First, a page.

Thu 20 Jan 2011
Filed under: Health
The agriculture and health of nearly 12,000 people living within a five-mile radius of Burma’s largest coal mine and coal-fired power plant are threatened with air and water pollution, according to a report titled “Poison Clouds” that was complied by the Pa-Oh Youth Organization (PYO) and the Kyoju Action Network (KAN).
According to the report, the power plant, which is located near Tigyit in Pinglaung Township in southern Shan State, releases 100 to150 tons of toxic ash containing mercury, lead and arsenic into the atmosphere every day.
A farmer tends his crops in Tigyit while the coal-fired power plant looks in the background (PHOTO: PYO)
In recent years, ash has been known to cover roads and some 50 percent of the local population suffers from skin infections, the report says.
“Our skies and waters are turning black,” said Khun Chankhe of the PYO. “What future is there for our children who are growing up in a toxic wasteland?”
The residue from the coal mine is piling up so high that the dumps have become like hills and are blocking the flow of water, as well as creating pollution and stagnant lakes. Toxic fly ash that is dumped on coal mine waste piles or spread on local roads is also running off into local water sources, some of which eventually flows into Inle Lake, the report states.
The Burmese military regime’s Vice-Snr-Gen Maung Aye chose the site for the power plant in 2001, and instructed local military officials to confiscate more than 100 acres of local farm lands, said the 54-page report.
However, some 500 acres of land were seized. Three hundred and twenty-one families from Lai Khar and Taung Pola villages each received a maximum of 170,000 kyats (US $170) compensation for forced relocation.
However, the Myanmar Mines Law of 1994, Chapter 5, Section 4, states that “the holder of a permit for mineral production within an area under the Ministry’s administrative control or which does not lie within the Mineral Reserve Area or Gemstone Tract, shall carry out such production only after coordinating and receiving agreement from the individual or organization having the right of cultivation, right of possession, right of use and occupancy, beneficial enjoyment, right of succession or transfer of the said land.”
The plant uses 640,000 tons of coal per year to produce 600 Gigawatts of power with a capacity of 120 Megawatts.
The China National Heavy Machinery Corporation, along with Eden Group of Myanmar and Shan Yoma Nagar, implemented the project in 2002 under the supervision of the Energy Ministry with an investment of $42.93 million.
Chit Khaine, the founder of Eden Group, is on the EU sanctions list under the category, “Persons Who Benefit from Government Economic Policies and Other Persons Associated with the Regime.”
“The project is for the sake of China, not for the local communities. The local people don’t receive sufficient electricity from the plant,” said Khun Chankhe.
Electricity produced from the power plant is sent to the nearby Nagar cement plant. A proposal is being considered to supply electricity to another mining project, the Pangpet iron factory near Hopone and the Taunggyi highway, which is run by Russian and Italian companies, the report said.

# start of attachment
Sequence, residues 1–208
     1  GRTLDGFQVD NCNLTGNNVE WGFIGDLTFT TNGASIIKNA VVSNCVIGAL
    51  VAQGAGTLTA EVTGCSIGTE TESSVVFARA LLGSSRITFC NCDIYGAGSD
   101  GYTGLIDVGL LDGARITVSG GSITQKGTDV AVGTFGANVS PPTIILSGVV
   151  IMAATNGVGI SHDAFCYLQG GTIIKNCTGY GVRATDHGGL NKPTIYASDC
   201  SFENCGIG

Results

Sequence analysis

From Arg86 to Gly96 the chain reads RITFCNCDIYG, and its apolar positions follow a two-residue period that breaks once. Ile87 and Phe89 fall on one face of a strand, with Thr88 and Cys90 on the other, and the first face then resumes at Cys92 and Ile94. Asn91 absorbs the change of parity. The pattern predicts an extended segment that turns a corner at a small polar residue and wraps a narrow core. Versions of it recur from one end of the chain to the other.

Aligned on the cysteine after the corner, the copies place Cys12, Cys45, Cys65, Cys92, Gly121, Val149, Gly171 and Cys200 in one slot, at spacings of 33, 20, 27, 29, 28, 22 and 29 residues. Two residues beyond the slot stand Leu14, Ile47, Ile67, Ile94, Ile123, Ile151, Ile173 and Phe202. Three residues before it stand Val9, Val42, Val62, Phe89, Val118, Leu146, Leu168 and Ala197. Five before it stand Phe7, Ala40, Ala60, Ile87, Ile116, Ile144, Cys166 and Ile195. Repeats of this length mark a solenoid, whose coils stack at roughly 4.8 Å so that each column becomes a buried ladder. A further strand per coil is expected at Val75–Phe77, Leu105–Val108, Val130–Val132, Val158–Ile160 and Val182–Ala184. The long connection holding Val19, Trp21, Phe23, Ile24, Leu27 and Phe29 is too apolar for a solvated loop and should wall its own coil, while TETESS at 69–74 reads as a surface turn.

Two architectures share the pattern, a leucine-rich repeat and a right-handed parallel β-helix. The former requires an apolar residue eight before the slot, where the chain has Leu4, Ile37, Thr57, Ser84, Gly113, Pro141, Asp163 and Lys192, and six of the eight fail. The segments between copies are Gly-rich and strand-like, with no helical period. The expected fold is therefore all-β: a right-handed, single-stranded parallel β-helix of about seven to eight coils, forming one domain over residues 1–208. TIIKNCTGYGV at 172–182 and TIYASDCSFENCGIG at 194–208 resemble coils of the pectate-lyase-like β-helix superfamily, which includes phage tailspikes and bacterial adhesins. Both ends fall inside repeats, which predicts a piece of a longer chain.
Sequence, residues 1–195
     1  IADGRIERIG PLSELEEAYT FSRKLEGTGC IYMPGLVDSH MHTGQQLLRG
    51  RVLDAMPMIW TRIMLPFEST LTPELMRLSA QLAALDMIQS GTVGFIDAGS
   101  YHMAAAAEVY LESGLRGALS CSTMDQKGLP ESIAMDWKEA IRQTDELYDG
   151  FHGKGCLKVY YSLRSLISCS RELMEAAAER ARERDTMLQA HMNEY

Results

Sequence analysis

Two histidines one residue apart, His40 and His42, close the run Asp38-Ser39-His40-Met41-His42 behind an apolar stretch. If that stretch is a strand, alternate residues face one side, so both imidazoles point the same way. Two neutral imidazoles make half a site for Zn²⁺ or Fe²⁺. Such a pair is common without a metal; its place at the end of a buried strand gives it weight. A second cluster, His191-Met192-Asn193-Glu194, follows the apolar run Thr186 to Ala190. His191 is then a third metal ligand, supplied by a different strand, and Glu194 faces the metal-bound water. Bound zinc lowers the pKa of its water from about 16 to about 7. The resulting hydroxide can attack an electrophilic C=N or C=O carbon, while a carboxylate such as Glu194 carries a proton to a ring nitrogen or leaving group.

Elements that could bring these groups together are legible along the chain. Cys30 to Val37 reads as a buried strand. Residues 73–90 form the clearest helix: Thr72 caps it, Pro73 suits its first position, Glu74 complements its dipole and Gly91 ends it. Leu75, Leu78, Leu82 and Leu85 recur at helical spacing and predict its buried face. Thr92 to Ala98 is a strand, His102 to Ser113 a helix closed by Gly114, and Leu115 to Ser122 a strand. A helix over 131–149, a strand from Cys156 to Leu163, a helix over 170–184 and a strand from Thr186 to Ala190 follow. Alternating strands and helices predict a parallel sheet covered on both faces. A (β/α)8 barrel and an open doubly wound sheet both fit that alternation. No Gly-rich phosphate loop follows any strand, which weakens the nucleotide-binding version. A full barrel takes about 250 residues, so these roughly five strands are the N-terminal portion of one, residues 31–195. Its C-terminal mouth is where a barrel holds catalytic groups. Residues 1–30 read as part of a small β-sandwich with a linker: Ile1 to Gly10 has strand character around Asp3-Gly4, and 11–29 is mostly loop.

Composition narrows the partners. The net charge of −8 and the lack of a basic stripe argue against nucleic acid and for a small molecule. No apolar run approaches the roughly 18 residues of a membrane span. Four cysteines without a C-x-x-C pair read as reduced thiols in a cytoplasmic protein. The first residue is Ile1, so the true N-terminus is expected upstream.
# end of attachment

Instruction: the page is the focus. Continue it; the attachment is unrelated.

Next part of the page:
The Tigyit coal mine also produces nearly 2,000 tons of lignite and sub-bituminous coal every day. Lignite, a soft brown coal, produces the most carbon dioxide emissions per unit of energy than any other type of coal.
The plants and the mine are located within the watershed that is 13 miles from Burma’s famous Inle Lake in Shan State. River waters polluted by the mine and waste from the power plant are flowing into the lake via the Balu Creek, the report says.
Khun Chanke said that this is one of the main reasons why Inle Lake is drying up.
Residue piles from the mine are now towering above the homes of 3,000 people, blocking streams and contaminating fields. The coal is extracted through an underground tunnel system which runs beneath tea farms—another major concern for villagers who live in constant fear of landslides and land collapses, said the report.
“We issue the report today with concern for Inle Lake,” said Khun Chanke on Thursday. “We also wish to call on the elected candidates from Inle and Pinglaung region to discuss this issue in Parliament.”
The Inn National Development Party has previously said that the party will focus on the environmental issues of Inle Lake.
There are over 16 large-scale coal deposits in Burma. The Italian-Thai Development Plc, a large Thai construction firm, signed a multi-billion dollar deal with Burma in November for the development of a deep sea port in Dawei (Tavoy). The project includes plans for Southeast Asia’s largest coal-fired power plant that will build in Dawei where 18 villages have been ordered to move to make way for the project, said the PYO/ KAN report.
PYO was set up in 1998 and says it is “striving for peace and justice in Burma through empowering youth.” It published a report, “Robbing the Future,” in June 2009 after two years of research at the site of Burma’s largest iron mine and the Pangpet No. 5 Steel Mill in Shan State.
KAN was set up in 2010 and says its aim is “strengthening communities’ capacity to protect their natural resources.”